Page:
Matt C. Abbott
Gaddafi and 'mob justice'
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By Matt C. Abbott
October 23, 2011

Michael Tripoli, a Catholic, sent those on his email list (including yours truly) the following insightful comments (slightly edited) regarding the violent death of former Libyan leader Muammar Gaddafi:

    'I don't like mobs or mob justice. Seeing people act like frenzied animals is always, for me, a sad reminder of the depths to which we can be reduced in our fallen state, without God's grace. I think mobs scare me because I think they're a foretaste of what hell must be like, in the same way I think a prison riot is a foretaste of what hell must be like.

    'I do think Gaddafi deserved execution, but I prefer executions to be carried out in a way that upholds authentic justice and the human dignity of both the executioners and the person to be executed.

    'Did the group killing Gaddafi seem like potential American allies? They were acting like savages, ripping off his wig and his clothing, kicking him, beating him with shoes, and shooting him, while screaming 'Allahu Akbar!' Driving Gaddafi's corpse around Misrata, displayed on the hood of a car, demonstrates a sort of barbarism that isn't inclined to representative democracy.

    'Gaddafi was a crazy, evil man. In many ways, he very much resembled a movie villain; sometimes an unintentionally comical one. I believe he was the type of man who would have begged for mercy, and then, once mercy was shown, turn around and kill the ones who had shown him mercy at the first opportunity.

    'Yet even knowing that, I had a visceral reaction to seeing another human being kicked, beaten and humiliated — even an arrogant, obnoxious, psychopathic, mass-murdering monster like Gaddafi. However terrible his last moments, if he did not repent, those last moments pale in comparison to what awaits him in eternity.

    'Jesus was treated worse that Gaddafi, and He was not only innocent, but also the summit, source, and measure of all being, life, light, justice, truth, goodness, beauty, holiness, love, compassion, mercy, and benevolence!

    'All of us have sinned, and most of us have deserved hell for some of our sins. Jesus lived a [sinless] life of virtue and holiness, showed compassion for the poor by caring for their needs, and worked miracles healing lepers and others who were sick, gave sight to the blind, made the lame walk, and raised people from the dead.

    'Yet He was killed at the behest of an angry mob.

    'Look at what becomes of human nature once God is rejected! That is why we must cling to God. Otherwise, we will succumb to the mob.'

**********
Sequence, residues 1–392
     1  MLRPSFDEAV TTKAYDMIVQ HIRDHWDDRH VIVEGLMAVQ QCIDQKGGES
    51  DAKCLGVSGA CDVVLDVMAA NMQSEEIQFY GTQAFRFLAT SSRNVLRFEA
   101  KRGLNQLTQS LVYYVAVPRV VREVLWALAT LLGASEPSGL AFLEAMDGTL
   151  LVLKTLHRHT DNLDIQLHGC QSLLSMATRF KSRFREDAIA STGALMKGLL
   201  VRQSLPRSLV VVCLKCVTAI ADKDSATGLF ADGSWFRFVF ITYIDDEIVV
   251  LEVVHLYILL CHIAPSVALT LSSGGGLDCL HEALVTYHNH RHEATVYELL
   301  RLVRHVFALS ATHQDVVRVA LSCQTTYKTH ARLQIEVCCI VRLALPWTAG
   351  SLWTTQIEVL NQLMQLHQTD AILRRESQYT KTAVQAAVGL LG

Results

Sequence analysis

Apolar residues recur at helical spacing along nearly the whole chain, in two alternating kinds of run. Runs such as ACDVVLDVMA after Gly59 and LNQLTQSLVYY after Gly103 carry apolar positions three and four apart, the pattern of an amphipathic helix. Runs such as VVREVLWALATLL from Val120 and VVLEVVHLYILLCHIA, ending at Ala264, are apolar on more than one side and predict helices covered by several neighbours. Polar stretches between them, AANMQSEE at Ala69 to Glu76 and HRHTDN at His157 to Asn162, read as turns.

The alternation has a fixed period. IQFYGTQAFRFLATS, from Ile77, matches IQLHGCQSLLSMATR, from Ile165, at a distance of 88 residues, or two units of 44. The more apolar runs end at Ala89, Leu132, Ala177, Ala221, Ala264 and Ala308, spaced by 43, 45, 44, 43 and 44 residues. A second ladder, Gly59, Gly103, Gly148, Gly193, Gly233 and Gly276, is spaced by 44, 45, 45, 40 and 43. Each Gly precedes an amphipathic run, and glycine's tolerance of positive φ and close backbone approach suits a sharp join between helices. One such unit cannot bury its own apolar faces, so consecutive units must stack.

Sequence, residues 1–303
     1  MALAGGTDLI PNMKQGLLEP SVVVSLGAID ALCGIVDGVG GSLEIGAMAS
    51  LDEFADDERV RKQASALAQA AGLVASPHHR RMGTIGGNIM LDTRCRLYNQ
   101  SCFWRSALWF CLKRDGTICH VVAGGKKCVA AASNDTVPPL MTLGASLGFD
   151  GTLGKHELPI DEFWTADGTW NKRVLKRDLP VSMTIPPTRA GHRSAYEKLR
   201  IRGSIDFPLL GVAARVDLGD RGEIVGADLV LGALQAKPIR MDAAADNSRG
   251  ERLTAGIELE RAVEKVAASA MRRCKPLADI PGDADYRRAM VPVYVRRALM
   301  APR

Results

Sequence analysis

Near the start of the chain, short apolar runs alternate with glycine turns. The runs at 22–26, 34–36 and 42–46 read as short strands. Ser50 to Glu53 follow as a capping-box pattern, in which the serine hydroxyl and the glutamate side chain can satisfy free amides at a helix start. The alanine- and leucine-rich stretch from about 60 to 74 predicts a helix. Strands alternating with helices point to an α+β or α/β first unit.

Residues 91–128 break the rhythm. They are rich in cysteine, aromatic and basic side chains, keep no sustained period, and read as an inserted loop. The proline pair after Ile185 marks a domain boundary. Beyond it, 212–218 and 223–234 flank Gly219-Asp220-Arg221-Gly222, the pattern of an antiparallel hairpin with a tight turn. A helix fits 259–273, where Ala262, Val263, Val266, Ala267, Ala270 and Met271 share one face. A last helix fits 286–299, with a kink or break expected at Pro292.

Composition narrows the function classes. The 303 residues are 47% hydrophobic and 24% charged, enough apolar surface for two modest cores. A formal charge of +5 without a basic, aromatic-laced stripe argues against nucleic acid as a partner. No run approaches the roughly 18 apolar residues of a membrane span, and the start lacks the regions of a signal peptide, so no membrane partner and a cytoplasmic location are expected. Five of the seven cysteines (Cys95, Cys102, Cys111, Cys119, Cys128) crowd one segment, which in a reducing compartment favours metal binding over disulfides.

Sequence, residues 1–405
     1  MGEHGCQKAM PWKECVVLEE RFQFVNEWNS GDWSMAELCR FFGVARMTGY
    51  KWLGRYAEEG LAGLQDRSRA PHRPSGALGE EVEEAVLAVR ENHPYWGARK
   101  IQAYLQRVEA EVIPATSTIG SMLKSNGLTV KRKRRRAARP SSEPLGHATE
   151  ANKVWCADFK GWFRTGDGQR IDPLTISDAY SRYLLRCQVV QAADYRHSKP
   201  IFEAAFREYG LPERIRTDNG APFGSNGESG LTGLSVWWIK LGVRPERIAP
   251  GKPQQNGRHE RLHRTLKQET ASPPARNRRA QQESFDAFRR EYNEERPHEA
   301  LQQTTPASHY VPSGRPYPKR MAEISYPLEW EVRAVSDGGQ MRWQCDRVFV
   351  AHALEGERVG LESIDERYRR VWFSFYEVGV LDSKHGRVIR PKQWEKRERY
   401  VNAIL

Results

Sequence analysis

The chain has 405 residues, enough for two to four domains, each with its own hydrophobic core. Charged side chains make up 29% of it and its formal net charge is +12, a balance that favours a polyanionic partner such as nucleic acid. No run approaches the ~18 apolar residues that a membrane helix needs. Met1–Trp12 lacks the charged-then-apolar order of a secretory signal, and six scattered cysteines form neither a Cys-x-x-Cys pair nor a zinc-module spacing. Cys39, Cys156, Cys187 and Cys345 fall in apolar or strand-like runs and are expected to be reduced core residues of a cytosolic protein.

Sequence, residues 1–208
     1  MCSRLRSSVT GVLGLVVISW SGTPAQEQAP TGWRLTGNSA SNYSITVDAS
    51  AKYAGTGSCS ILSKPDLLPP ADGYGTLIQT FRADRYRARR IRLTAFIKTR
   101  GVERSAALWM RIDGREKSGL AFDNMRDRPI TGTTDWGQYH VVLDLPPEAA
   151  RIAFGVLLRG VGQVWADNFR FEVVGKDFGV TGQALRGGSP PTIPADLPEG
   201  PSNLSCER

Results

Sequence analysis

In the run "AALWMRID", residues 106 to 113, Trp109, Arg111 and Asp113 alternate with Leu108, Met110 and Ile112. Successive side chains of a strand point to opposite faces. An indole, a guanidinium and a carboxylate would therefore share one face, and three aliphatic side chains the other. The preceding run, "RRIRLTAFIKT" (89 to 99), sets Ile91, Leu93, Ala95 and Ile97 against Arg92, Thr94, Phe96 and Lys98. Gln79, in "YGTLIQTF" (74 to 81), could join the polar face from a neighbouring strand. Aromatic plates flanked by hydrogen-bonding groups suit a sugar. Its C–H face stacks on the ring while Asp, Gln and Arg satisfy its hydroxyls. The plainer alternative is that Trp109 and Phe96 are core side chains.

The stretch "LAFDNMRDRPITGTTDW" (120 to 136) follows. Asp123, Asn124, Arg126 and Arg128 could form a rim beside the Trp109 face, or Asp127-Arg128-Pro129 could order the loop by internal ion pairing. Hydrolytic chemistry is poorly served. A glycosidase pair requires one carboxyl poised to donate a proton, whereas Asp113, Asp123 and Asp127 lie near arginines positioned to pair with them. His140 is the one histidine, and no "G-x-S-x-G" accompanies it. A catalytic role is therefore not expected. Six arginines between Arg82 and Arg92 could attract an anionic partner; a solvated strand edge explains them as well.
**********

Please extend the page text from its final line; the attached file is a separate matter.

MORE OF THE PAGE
I almost entirely agree with Michael. The only thing I'm not comfortable with is asserting that, had Gaddafi survived his capture, he still should be executed "in a way that upholds authentic justice and the human dignity of both the executioners and the person to be executed."

I understand what Michael is saying here, but despite the fact that capital punishment is not intrinsically immoral, it's extremely difficult for me to support it even in the case of Gaddafi. I guess I'm torn on this issue.

The Vatican released a statement saying, in part:

    'The news of the death of Colonel Muammar Gaddafi marks the end of a much too long and tragic phase of a brutal struggle to bring down a harsh and oppressive regime.

    'This dramatic event obliges us yet again to reflect on the immense toll of human suffering which accompanies the affirmation and collapse of any system which is not based on the respect and dignity of the human person, but rather on the prevailing affirmation of power.

    'It is hoped now that the Libyan people might be spared further violence due to a spirit of revenge, and that the new leaders can undertake as soon possible efforts necessary for bringing peace and rebuilding in a spirit of solidarity, based on justice and the rule of law. May the international community also be committed to generously helping in the rebuilding of the nation.

    'For its own part, the small Catholic community will continue to offer its own witness and service to all people, especially in the charitable and health fields. The Holy See will assist the Libyan people with the instruments available to it in the field of international relations with a spirit of promoting justice and peace....'

Click here to see the Vatican's statement in its entirety.

© Matt C. Abbott

 

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Matt C. Abbott

Matt C. Abbott is a Catholic commentator with a Bachelor of Arts degree in communication, media and theatre from Northeastern Illinois University. He's been interviewed on MSNBC, NPR, WLS-TV (ABC) in Chicago, WMTV (NBC) in Madison, Wis., and has been quoted in The New York Times and the Chicago Tribune. He can be reached at mattcabbott@gmail.com.


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